QNAP NAS – Thunderbolt 3 Shared RAID Storage Solution for Video Editors

When collaborating with a team of video editors, one of the most significant challenges in the workflow has to do with the efficient file management and transfer speeds involved in the creative process. Since you’re working with other content creators who also may need access to the files you’re using, the task can prove to be quite daunting and frustrating if you haven’t built the right hardware infrastructure in advance. The real deal-breaker, however, is not the time-consuming setup and complex storage functionality these systems are usually associated with, but the huge investment that typically comes with such a solution.

According to YouTube filmmaker and editor Max Yuryev, there is a way to save some hassle and get a reliable storage system at a relatively reasonable price. Say hello to the QNAP NAS, which is what Yuryev describes to be an all-in-one storage solution that makes the device a server, network switch, and computer in a relatively small form factor.

In the video, Yuryev goes on to talk more about the 12-bay version of the QNAP NAS. That model is equipped with an Intel i5 processor and 16GB of upgradable memory. When it comes to adding hard drives, you can use HDDs, SSDs, and even the ultra-fast M.2 drives. The unit also has several ports for Ethernet and USB, both type A and C Thunderbolt 3, allowing editors more lines of access to different machines and/or users.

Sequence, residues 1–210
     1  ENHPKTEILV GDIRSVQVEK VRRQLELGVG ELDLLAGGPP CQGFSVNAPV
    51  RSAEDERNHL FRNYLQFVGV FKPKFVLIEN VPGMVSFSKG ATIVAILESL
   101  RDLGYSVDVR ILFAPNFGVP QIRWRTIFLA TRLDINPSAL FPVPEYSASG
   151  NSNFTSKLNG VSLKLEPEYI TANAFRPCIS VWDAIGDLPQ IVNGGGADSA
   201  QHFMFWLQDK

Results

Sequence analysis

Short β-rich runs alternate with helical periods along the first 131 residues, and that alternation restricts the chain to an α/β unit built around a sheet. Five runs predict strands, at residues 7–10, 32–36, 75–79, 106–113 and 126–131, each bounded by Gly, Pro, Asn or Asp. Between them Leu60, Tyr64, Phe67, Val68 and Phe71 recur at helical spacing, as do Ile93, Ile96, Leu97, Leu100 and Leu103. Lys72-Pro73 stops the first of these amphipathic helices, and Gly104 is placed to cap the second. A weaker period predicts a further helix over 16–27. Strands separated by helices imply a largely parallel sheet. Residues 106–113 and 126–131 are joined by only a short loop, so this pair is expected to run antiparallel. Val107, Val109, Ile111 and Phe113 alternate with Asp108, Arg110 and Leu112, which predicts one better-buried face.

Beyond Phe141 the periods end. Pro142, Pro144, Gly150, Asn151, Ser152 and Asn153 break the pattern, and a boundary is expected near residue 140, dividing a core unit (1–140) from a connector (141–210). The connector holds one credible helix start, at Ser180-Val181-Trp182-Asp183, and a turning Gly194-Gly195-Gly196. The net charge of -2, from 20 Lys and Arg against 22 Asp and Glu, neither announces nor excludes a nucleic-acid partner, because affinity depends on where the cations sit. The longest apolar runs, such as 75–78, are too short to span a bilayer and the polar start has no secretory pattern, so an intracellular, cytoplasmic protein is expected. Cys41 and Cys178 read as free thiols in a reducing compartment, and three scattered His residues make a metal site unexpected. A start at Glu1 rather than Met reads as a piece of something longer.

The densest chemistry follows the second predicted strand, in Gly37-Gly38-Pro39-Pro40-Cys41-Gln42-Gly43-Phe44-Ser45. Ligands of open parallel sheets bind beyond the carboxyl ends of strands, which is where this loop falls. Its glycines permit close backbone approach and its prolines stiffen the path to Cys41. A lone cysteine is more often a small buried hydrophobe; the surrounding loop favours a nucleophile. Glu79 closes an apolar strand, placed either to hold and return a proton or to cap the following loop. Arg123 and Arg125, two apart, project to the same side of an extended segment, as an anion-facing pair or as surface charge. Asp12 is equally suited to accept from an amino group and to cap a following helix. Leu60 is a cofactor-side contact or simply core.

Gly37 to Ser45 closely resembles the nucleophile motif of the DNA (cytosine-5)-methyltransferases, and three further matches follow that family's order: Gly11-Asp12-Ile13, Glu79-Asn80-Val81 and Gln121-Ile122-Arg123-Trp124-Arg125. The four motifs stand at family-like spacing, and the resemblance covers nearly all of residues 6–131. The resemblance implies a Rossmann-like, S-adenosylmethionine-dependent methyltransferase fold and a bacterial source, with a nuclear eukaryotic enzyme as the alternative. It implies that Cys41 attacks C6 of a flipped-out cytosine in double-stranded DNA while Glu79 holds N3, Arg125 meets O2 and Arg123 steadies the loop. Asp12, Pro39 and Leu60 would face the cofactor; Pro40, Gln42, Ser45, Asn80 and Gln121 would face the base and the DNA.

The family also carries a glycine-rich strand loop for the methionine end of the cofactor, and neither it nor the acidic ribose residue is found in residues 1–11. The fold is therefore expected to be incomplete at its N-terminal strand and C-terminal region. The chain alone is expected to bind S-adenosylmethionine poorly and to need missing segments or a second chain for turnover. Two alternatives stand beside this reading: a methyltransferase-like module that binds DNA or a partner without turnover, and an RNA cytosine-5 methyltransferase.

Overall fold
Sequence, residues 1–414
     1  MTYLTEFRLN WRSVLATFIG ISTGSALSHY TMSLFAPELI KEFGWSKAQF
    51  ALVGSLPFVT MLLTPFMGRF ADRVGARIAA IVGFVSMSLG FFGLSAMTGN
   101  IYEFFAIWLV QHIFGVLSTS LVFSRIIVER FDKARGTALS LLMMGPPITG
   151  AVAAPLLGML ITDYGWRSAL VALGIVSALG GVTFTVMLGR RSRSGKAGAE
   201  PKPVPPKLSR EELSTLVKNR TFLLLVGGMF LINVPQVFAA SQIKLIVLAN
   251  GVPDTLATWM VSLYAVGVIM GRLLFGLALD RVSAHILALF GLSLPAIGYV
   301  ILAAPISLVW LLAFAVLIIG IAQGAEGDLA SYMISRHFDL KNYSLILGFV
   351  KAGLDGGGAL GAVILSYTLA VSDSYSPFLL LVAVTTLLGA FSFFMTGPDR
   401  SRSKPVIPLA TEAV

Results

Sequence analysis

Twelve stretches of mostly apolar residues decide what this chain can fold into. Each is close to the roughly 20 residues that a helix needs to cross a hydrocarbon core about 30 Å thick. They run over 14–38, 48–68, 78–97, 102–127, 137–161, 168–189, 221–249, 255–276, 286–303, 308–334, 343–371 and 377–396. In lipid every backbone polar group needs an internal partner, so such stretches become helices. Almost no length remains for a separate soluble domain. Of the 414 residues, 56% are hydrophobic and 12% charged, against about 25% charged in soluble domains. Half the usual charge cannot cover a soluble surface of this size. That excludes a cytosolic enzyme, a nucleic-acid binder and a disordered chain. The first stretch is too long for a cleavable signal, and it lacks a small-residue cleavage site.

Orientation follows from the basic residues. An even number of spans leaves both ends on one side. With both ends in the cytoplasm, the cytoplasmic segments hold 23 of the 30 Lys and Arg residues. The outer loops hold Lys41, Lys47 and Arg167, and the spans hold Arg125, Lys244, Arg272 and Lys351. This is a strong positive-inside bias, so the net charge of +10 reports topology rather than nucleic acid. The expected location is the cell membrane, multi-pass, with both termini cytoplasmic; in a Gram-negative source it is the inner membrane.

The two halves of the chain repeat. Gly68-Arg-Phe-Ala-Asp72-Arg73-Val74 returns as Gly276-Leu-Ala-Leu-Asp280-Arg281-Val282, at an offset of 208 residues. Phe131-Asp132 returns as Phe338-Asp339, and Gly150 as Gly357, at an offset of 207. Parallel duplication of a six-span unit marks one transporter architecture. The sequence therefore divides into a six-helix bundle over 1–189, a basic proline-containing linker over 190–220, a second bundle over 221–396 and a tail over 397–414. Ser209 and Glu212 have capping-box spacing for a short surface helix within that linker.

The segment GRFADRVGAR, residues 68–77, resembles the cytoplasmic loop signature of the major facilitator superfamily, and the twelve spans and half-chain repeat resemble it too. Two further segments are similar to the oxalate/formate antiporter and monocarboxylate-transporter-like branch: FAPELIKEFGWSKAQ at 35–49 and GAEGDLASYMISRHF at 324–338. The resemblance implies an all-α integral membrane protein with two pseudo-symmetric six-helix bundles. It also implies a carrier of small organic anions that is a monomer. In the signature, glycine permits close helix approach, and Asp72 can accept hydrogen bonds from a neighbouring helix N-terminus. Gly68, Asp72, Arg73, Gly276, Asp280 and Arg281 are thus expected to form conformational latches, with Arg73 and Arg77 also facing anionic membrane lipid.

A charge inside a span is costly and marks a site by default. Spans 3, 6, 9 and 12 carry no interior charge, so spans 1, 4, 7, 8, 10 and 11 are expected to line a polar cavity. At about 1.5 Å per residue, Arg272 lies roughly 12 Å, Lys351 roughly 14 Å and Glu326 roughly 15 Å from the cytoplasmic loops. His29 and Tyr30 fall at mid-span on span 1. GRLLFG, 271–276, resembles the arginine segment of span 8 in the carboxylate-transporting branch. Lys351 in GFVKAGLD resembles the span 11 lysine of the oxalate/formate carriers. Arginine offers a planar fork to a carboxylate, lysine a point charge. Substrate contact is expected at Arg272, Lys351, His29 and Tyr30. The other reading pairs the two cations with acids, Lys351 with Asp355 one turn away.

As mentioned, the QNAP does have its own computer and operating system, making it more than just some storage solution. You can access the software functions through your computer’s web browser connected to the unit. In the operating system, you’ll be able to monitor the performance of the QNAP, as well as download and install additional apps to automate your workflow, setup drive operations, and even generate download links to make sharing content more accessible.

QNAP TVS-1282T3 12-Bay NAS Enclosure Highlights

  • 8 x 3.5″/2.5″, 4 x 2.5″ SATA Drive Bays
  • 2 x M.2 SATA III Slots
  • 3.4 GHz Intel Core i5-7500 Quad-Core
  • 16GB of 2133 MHz DDR4 RAM
  • 2 x 10GbE | 4 x Gigabit Ethernet
  • Thunderbolt 3 | USB 3.0 Type-A | HDMI
  • RAID 0, 1, 5, 6, 10, + Hot Spare, JBOD
  • Up to 1600 MB/s File Transfer Speeds
  • AES 256-Bit Volume Encryption
  • QTS 4.3 Operating System
  • Price: $3,099

In regards to read/write performance, the results are staggering. According to Yuryev and his team, they are able to pull transfer speeds at an average of 1600 MB/s (or 1.6 GB/s). This rapid data transfer speed results in the ability to seamlessly edit high-quality and demanding file formats across different computers within the network, all without compromising timeline or network performance.

Now if you’re sold on the idea of a no-compromises, high-speed and flexible functionality of the 12-bay QNAP NAS, you may want to consider one crucial aspect – the price. Even though the product doesn’t cost as much as some top-of-the-line enterprise storage systems, it will still set you back a significant amount of money, especially if you haven’t factored in the price for drives good enough to take advantage of the provided network traffic distribution.

Then again, all hope is not lost with the 4-bay versions of the QNAP NAS. While you may not get the exact same performance and storage capacity of their bigger 12-bay counterparts, the 4-bay units still have the computer functionality and speed to be a worthwhile purchase.

[source: Max Yuryev]

Order Links:

QNAP TVS-471-I3-4G-US 4-Bay Turbo NAS Enclosure (B&H, Amazon US)

QNAP TVS-1282T3 12-Bay NAS Enclosure (B&H, Amazon US)

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  • Jean-Yves Durocher

    I love these systems. CHEAP. Yes I know, for most they are not. But for $10K USD you could get hundred of hours of 4K 300mps+ files.
    Comapred to a Beta SP pro of the early 1990’s this is a bargain